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Canon Digital IXUS 200 IS review: Canon Digital IXUS 200 IS

Canon has played it safe with the Digital IXUS 200 IS, aiming for steady evolution rather than technical innovation. The result is a perfectly decent compact camera. It offers good colours and details at low ISOs, its touchscreen is effective and its 5x extra-wideangle zoom is very useful

Rod Lawton
3 min read

The new, 12.1-megapixel Digital IXUS 200 IS resides near the top of Canon's Digital IXUS range. Only the Digital IXUS 980 IS and Digital IXUS 990 IS seem to sit above it, although it's hard to see what they've got that the newcomer hasn't. Available for around £255, the 200 gives you a 5x extra-wideangle zoom, a high-definition movie mode and a touchscreen interface. What more could you ask for?


Canon Digital IXUS 200 IS

The Good

Good zoom range; decent lens quality; effective touchscreen controls.

The Bad

Black borders on the LCD display when shooting stills; over-sensitive rear control dial; weak definition at high ISOs.

The Bottom Line

With the Digital IXUS 200 IS, Canon seems to have aimed for steady evolution rather than technical innovation. The 200 is a perfectly decent camera, but it's far from a must-have

Definition drop-off
Practically all compact-camera makers seem to have adopted similar 12-megapixel, 1/2.3-inch sensors now. The 200's delivers good, strong colours and details at low ISOs, but the definition drops off quickly as you increase the sensitivity. Even as early as ISO 200, fine detail begins to turn hazy.

There's some pretty strong barrel distortion at wider zoom settings, but the colours and overall clarity are very good. Even slight increases in ISO produce much softer detail, though (click image to enlarge)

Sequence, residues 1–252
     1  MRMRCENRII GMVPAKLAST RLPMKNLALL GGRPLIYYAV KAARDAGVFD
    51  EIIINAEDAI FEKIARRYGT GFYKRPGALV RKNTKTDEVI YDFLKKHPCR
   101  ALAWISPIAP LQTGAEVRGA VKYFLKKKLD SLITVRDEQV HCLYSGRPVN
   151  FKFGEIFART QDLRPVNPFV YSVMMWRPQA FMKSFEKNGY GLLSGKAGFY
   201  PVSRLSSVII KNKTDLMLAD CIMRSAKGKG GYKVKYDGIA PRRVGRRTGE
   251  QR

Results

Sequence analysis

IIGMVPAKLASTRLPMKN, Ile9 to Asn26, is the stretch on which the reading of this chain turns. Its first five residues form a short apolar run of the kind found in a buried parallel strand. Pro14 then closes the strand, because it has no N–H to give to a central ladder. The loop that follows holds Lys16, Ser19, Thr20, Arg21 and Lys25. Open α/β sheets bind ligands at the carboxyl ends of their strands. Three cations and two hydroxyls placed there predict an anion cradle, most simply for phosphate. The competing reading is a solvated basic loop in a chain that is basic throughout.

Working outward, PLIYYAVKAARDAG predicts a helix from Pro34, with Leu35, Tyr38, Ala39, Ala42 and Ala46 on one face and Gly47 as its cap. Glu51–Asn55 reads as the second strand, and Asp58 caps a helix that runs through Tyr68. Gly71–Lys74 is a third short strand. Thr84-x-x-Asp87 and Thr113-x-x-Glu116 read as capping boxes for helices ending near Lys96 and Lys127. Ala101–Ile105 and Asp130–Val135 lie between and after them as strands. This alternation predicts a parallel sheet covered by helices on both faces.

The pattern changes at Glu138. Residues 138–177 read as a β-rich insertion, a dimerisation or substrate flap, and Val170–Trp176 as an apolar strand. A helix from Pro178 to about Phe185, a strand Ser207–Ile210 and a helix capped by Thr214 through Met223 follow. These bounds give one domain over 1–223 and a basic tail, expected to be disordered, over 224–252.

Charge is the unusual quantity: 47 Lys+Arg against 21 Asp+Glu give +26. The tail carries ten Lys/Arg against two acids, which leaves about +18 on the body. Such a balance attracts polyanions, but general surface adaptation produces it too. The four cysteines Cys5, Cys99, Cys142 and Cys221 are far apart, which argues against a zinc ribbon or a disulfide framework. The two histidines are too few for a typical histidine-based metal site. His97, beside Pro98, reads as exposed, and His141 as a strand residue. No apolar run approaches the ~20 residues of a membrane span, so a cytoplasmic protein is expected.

The 24-120mm zoom is handy. The difference between a 24mm wideangle zoom and the more common 28mm sort may not sound much, but it's worth having. The 200's lens performs pretty well, too, producing good edge sharpness and quite crisp images at full zoom.

The 200 is by no means the smallest compact on the market, and its curved edges and design details aren't particularly pretty. But it feels like a solid and well-made little camera, and the touchscreen interface gives the back a clean, fuss-free look.

The touchscreen interface is pretty good. Three big icons down the right-hand side control the shooting mode, flash mode and EV compensation. You adjust the EV by dragging left or right across an exposure bar that appears when you tap the relevant icon.

You can't control everything with the 200's touchscreen -- sometimes you have to rely on the occasionally frustrating physical controls

You tap on the main part of the screen to start the touch-autofocus mode. The camera locks onto the subject you've selected and tracks it around if either it or the camera moves. It's quite quick in use and it tracks subjects well, so it's not just a novelty.

In playback mode, you can touch the screen to move in, and then drag the image with a fingertip to pan around and check the details. The panning movements work well, but zooming in and out seems rather haphazard.

Bar job
The trouble with using a widescreen display is that, when you're shooting stills, which are in the 4:3 aspect ratio, you get black bars on either side. The touchscreen icons have to go somewhere, of course, but, even so, you only really get full value out of the 76mm (3-inch) display in the HD movie mode.

Our test chart shows unusually crisp fine detail for this type of sensor, and part of the credit for this must go to the quality of the lens. You need to shoot at low ISOs to get the benefit, though (click image to enlarge)

Like the recently reviewed Panasonic Lumix DMC-FX550, the 200 goes only halfway towards offering a full touchscreen interface. Some set-up functions have to be handled using the main menu system and Canon's usual 'func/set' button. The spinning control dial can also be frustrating to use.

The Canon Digital IXUS 200 IS is attractive, its 5x zoom has a very useful range, and its picture quality is good too, within the usual limits of these tiny 1/2.3-inch sensors. But there are just too many Digital IXUS models to choose from, and it's too difficult to work out why this one might be any better than one of the others. Worse is that there's nothing new and exciting here, just cautious evolution.

Edited by Charles Kloet